Ballinderry Parish Church, built 1824
|Sovereign state||United Kingdom|
Upper Ballinderry (from Irish: Baile an Doire, meaning 'townland of the oak grove') is a small village to the east of Lower Ballinderry in County Antrim, Northern Ireland. It is within the townland of Ballyscolly and civil parish of Ballinderry, the historic barony of Massereene Upper. Upper Ballinderry is about 10 miles (15 km) north- west of Lisburn. In the 2001 Census it had a population of 192 people.
It is a mill village, developed around a crossroads with a prominent church, mill building and estate. The A26 road bypasses the village to the east. Upper Ballinderry is situated on relatively flat land rising gradually to the east. The village has developed in a linear form on both sides of North Street and is contained by the Glenavy Road to the east and the disused railway line to the north. The original road has been realigned with the more recent Glenavy Road situated to the east of the earlier route.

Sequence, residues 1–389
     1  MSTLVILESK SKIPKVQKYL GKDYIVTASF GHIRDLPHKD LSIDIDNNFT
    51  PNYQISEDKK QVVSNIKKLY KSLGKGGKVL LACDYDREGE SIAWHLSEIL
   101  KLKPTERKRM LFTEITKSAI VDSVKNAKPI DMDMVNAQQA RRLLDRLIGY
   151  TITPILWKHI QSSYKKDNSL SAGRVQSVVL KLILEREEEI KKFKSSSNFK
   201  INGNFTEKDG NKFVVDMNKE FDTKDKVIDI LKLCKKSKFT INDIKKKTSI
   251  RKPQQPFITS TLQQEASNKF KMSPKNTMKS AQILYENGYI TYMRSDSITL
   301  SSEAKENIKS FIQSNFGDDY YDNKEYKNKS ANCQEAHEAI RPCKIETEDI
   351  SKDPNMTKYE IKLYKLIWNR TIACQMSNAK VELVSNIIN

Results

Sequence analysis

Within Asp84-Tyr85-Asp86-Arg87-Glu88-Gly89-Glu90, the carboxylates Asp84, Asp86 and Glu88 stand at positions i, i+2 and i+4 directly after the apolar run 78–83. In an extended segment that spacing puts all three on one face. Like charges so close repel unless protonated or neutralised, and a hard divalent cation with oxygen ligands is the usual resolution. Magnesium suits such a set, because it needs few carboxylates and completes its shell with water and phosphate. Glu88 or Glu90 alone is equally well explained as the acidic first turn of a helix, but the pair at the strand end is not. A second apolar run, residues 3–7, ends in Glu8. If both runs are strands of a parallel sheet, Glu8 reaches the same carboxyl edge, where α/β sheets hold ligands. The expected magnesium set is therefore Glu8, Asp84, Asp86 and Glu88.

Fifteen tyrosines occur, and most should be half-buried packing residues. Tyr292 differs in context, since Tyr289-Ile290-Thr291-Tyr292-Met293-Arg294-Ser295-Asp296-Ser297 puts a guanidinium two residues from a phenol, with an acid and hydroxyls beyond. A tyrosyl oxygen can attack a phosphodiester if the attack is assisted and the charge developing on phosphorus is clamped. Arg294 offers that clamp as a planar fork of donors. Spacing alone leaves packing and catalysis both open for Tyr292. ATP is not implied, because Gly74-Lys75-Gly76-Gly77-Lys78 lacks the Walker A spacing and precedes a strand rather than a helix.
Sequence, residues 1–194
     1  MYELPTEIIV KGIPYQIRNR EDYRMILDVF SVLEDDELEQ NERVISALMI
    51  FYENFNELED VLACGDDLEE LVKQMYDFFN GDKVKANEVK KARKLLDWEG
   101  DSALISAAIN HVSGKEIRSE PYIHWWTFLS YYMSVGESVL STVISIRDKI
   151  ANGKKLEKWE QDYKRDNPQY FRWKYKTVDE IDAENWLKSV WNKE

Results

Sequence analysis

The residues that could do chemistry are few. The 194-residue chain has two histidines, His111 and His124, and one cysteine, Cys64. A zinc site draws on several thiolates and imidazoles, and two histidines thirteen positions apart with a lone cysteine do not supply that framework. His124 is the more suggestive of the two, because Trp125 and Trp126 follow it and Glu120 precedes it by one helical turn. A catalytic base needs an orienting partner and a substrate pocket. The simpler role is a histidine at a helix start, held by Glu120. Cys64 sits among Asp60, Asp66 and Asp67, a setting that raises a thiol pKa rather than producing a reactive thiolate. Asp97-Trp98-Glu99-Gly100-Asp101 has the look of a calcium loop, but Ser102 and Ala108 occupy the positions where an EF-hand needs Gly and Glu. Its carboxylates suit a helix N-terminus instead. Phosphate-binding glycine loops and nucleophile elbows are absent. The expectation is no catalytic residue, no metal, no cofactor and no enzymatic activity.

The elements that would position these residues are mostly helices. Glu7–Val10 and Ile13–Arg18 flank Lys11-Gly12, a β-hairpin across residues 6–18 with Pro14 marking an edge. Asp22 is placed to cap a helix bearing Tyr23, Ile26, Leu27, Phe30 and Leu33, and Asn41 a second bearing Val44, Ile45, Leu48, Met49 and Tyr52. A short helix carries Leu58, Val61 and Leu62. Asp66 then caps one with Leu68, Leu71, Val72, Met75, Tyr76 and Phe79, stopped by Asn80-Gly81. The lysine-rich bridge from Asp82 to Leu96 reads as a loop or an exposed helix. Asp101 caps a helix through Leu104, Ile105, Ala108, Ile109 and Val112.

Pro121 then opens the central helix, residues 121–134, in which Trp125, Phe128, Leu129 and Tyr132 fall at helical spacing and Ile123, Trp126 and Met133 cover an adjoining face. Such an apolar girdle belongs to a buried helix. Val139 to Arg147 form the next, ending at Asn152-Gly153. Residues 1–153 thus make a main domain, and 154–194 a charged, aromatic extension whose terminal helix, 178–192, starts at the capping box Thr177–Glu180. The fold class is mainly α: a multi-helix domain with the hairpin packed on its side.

Locally significant buildings include Ballinderry Parish Church (built 1824) and Glebe House, which are listed buildings, and Fruithill House, Rosevale, Oatland Cottage, Church View House, and converted mill buildings and outhouses.
The nearby Ballinderry railway station, which opened on 13 November 1871, is currently closed.
The Ulsterbus service from Lisburn to Antrim/Belfast passes through the area on an hourly basis.